Feature Article - April 2009
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Splashing Around

The Backyard Sprinkler Goes High-Tech

By Dawn Klingensmith


The Family That Sprays Together...

Zoning spray parks for different age groups started out as a trend and is now an established design principle. "What we've found is that young children get intimidated by the spray features that attract preteens and teens," Anderson said.

He and other experts recommend creating sectors tailored to specific age groups.

A toddler zone can feature ground sprays and other non-intimidating features that produce soft mists and gentle streams of water. A zone for older kids, whose play style is naturally more robust, should be centered on high-energy activities with components that encourage competition and teamwork. A family-fun sector transitioning between the two other zones should encourage social interaction and imaginative, cross-generational play.

No matter the zone, spray features should be adequately spaced so kids don't smack into them or each other. Especially with components that rotate or swing around, such as certain shooting devices, make sure there's adequate clearance and the barrels aren't too long.

One manufacturer's representative said he has witnessed incidents in which a bigger kid swings a barrel around and accidentally knocks down a younger kid.

Jurisdictions have different codes, but the rule of thumb for determining spray park capacity is to allow 15 to 20 square feet per user, Anderson said.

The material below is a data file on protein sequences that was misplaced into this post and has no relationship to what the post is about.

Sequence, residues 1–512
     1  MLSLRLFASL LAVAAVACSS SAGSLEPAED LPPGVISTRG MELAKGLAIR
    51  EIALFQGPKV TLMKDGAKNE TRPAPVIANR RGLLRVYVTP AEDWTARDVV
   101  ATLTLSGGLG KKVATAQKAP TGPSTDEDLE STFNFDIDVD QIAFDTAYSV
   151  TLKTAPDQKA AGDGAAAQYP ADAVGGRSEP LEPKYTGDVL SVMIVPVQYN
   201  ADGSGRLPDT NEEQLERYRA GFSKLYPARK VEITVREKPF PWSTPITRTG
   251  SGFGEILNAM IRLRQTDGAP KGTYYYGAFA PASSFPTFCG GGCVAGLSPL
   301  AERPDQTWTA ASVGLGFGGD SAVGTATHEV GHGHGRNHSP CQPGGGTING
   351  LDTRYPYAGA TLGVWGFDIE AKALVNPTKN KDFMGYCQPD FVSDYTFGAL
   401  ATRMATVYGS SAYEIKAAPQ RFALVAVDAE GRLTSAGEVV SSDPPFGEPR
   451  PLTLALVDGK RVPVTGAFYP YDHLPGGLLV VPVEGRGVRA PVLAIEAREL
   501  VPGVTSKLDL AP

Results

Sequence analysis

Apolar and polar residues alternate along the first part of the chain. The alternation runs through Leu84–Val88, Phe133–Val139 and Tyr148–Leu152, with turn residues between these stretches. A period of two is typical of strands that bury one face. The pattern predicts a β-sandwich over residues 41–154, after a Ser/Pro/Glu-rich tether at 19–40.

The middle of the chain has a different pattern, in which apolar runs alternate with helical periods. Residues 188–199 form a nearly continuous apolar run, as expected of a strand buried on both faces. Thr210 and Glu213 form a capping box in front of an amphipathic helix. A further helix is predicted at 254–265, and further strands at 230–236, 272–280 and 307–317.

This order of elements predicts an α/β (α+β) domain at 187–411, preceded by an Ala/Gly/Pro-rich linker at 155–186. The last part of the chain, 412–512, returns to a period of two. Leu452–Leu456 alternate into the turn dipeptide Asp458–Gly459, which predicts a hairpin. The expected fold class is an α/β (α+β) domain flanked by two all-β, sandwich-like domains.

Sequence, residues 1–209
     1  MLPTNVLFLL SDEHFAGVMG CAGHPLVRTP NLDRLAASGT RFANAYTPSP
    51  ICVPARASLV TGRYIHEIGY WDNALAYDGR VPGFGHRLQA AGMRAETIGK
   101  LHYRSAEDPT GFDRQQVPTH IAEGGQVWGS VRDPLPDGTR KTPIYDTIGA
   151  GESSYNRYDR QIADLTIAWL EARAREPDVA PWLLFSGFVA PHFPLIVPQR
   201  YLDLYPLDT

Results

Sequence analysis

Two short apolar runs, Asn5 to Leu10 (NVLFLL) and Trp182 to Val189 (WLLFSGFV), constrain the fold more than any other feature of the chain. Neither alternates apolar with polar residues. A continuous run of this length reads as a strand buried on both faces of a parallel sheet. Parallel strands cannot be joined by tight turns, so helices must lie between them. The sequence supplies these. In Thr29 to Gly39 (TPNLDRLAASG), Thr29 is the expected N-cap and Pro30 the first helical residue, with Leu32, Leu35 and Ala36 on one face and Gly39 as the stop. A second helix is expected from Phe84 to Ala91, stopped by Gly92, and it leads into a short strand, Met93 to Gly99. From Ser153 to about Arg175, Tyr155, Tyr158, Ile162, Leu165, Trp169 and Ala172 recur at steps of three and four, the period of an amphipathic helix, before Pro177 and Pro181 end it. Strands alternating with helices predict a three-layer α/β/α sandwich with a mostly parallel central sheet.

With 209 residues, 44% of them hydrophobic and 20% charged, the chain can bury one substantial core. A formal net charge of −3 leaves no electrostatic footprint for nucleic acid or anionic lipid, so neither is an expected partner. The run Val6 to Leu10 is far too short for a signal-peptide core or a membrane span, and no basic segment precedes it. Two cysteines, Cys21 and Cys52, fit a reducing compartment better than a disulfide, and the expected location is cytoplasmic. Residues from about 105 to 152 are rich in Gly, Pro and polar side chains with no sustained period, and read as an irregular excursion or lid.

One way to appeal to the entire family—and indeed to adults in general—without diminishing a child's sense of awe and adventure is to evolve the spray park concept into an interactive fountain meant to be admired as an art form as well as played in. Anderson's Salt Lake City-based company, Water Design Inc., designed such a fountain for Lagoon, an amusement park in nearby Farmington, Utah. The multimillion-dollar water feature serves as both a children's aquatic play space and a sophisticated adult spectacle. Seventy-six jet nozzles and 68 "leaping water" nozzles, all flush to the ground, create a series of "water cages" with a 35-foot vertical spray element at their center. The water events are dynamic, progressing through a sequence of different spray effects, during which patrons can frolic in the fountain. Once an hour, the area is cordoned, and the fountain puts on a water-and-light show.

"The nozzles shoot much higher and there's lighting involved so it becomes more of a spectator thing than an interactive thing," Anderson said.

The Chilton (Wis.) Parks and Recreation Department also evolved the concept of spray parks with year-round functionality in mind. Their spray park features removable above-ground spray features that are taken down and stored in wintertime. Underground spouts are then capped, waterlines are drained and the area is frozen over and used as an ice skating rink.